Cutaneous reactions are among the most frequent adverse reactions to drugs. Most are benign, but a few can be life threatening. Prompt recognition of severe reactions, drug withdrawal, and appropriate therapeutic interventions can minimize toxicity. This chapter focuses on adverse cutaneous reactions to systemic medications; it covers their incidence, patterns, and pathogenesis and provides some practical guidelines on treatment, assessment of causality, and future use of drugs.
In the United States, more than 3 billion prescriptions for over 60,000 drug products, which include more than 2000 different active agents, are dispensed annually. Hospital inpatients alone annually receive about 120 million courses of drug therapy, and half of adult Americans receive prescription drugs on a regular outpatient basis. Many patients use over-the-counter medicines that may cause adverse cutaneous reactions.
Several large cohort studies established that acute cutaneous reaction to drugs affected about 3% of hospital inpatients. Reactions usually occur a few days to 4 weeks after initiation of therapy.
Many drugs of common use are associated with a 1–2% rate of "rashes" during premarketing clinical trials. The risk is often higher when medications are used in general, unselected populations. The rate may reach 3–7% for amoxicillin, sulfamethoxazole, and many anticonvulsants. It may be even higher with anti-HIV agents.
In addition to acute eruptions, a variety of skin diseases can be induced or exacerbated by prolonged use of drugs (e.g., pruritus, pigmentation, nail or hair disorders, psoriasis, pemphigoid, and pemphigus). These drug reactions are not frequent, but neither their incidence nor their impact on public health has been evaluated.
In a series of 48,005 inpatients over a 20-year period, morbilliform rash (91%) and urticaria (6%) were the most frequent skin reactions. Severe reactions are actually too rare to be detected in such cohorts. Although rare, severe cutaneous reactions to drugs have an important impact on health and on the risk-versus-benefit evaluation of medicines because of significant sequelae, including mortality. In one prospective study in the hospital setting, adverse drug rash was responsible for hospitalization, increased the duration of hospital stay, or was life threatening. Some populations are at increased risk of drug reactions: patients with collagen vascular diseases, bone marrow graft recipients, and those with acute Epstein-Barr virus infection. The pathophysiology underlying this association is unknown. It has also been established that HIV infection increases the risk of drug allergy, including severe hypersensitivity reactions (Chap. 189). This was true for many drugs but has been evaluated mainly with sulfamethoxazole. Up to 40% of HIV-infected patients had skin reactions when treated with high doses, and about 15% reacted to the same dosage that induced eruption in 3–5% of non-HIV-infected populations. How HIV promotes sensitivity to certain medications or their metabolites remains unclear.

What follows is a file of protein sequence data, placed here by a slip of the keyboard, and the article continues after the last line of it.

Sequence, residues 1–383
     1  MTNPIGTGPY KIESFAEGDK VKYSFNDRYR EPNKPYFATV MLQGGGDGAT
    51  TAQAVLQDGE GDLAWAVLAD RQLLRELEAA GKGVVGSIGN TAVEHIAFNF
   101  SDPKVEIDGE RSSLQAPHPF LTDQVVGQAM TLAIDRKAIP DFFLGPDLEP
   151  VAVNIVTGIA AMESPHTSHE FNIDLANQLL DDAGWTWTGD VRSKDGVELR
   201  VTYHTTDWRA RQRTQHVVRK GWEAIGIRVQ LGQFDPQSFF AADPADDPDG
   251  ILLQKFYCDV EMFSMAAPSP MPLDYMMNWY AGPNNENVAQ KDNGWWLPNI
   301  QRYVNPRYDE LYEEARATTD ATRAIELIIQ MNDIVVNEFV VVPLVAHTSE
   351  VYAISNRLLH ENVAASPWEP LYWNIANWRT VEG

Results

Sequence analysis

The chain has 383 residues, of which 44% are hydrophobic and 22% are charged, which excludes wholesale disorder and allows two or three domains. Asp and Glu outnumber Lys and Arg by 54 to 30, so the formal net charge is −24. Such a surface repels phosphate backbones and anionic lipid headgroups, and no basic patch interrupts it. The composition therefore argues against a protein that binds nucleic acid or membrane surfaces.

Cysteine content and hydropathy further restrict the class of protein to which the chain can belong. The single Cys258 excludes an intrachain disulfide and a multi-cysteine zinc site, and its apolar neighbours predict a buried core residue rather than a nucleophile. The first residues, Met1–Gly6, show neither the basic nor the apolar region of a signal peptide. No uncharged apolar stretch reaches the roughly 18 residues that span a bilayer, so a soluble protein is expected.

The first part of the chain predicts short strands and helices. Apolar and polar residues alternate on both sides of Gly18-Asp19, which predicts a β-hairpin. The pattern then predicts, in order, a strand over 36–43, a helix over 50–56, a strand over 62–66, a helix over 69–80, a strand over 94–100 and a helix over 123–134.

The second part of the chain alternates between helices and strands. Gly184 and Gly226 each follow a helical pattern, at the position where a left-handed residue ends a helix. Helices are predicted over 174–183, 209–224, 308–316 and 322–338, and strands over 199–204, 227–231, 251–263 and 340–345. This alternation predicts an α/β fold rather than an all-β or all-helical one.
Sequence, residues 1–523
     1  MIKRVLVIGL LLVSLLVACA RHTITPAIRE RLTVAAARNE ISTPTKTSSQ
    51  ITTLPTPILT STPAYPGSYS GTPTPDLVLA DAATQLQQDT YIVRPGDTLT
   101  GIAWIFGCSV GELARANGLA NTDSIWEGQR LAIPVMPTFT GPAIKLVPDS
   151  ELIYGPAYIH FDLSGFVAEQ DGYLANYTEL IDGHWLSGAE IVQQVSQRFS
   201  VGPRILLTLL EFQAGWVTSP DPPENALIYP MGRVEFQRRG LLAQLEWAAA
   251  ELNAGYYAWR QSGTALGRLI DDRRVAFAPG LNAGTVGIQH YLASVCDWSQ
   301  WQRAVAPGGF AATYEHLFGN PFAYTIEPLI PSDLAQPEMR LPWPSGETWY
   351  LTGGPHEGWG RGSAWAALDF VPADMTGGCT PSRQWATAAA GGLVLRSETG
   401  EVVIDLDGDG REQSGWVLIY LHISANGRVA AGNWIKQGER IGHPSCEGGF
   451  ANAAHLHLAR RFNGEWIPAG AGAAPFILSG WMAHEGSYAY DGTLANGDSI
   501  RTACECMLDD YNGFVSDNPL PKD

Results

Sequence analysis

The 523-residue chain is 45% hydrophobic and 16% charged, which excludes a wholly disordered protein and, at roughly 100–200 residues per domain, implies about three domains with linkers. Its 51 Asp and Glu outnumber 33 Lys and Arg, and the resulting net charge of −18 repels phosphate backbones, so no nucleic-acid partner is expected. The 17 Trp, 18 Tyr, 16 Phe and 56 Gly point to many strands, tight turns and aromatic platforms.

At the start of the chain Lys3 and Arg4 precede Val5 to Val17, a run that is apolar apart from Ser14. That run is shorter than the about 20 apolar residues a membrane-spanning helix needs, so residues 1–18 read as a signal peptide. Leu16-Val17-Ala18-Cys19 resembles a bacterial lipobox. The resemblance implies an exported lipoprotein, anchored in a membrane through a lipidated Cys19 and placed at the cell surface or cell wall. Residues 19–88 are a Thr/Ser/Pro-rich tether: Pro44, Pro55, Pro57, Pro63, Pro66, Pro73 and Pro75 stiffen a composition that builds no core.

The skin is commonly affected by adverse drug reactions. The list of conditions that can be triggered by medications includes nearly all dermatologic diseases. Adverse cutaneous responses ...